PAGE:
Project title: Dissecting the Trypanosomal Interstrand Crosslink DNA REPAIRtoire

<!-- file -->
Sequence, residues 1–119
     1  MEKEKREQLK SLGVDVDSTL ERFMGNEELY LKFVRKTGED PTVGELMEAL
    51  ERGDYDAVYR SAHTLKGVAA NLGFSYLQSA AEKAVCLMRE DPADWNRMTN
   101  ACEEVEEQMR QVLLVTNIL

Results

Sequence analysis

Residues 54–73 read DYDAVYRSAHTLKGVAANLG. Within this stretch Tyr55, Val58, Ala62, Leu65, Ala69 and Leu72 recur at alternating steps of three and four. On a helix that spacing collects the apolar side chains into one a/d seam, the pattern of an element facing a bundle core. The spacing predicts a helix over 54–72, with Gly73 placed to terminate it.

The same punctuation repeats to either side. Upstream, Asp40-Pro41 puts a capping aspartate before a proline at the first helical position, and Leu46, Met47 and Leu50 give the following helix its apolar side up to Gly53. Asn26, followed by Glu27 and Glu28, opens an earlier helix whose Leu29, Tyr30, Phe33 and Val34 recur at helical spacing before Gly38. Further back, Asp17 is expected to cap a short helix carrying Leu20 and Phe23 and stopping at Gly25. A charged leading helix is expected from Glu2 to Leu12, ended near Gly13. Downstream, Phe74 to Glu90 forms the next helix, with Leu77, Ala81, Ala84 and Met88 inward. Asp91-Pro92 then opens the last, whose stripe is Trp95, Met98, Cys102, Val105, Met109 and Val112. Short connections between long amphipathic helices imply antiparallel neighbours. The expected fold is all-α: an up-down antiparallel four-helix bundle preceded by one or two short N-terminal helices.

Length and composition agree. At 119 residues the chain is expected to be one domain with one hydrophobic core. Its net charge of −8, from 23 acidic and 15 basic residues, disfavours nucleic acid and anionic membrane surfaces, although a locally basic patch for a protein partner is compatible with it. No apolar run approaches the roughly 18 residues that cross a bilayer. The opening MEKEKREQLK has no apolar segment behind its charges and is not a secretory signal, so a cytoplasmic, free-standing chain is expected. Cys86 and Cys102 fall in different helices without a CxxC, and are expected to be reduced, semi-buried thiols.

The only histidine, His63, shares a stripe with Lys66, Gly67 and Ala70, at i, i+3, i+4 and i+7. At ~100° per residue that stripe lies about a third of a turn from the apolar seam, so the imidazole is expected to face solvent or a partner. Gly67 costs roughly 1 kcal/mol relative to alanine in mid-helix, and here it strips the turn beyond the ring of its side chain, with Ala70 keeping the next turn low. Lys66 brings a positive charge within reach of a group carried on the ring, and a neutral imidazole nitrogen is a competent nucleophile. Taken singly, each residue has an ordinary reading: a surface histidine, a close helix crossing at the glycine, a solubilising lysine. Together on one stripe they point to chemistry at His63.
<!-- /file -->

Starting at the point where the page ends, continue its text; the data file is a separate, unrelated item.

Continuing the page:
Summary: Interstrand crosslinks (ICLs) represent a particularly lethal form of DNA damage, a property exploited by some anticancer chemotherapies. To fix such lesions, cells have co-opted enzymes from different DNA repair pathways that together form an organism’s ‘ICL DNA REPAIRtoire’. Previous work has shown that the protozoan parasites responsible for trypanosomiasis and leishmaniasis are extremely sensitive to ICLs. This has led to the suggestion that compounds which promote this type of damage may have potential in treating these infections. Using a combination of biochemical, cell biology and functional genomic approaches, we plan to unravel how Trypanosoma brucei, the organism responsible for human and animal African trypanosomiasis, repairs ICLs and investigate the interaction and interplay of the components that constitute this particular pathogen’s ‘ICL DNA REPAIRtoire’. This will facilitate comparative studies against the ICL repair systems from other organisms, with any differences potentially exploitable in developing new drugs targeting African trypanosomiasis. It is envisaged that the identification and design of inhibitors that reduce the activity of key components of the trypanosome ‘ICL DNA REPAIRtoire’, without significantly affecting the host, would increase the trypanocidal effect of ICL-inducing agents, such as those we have previously identified.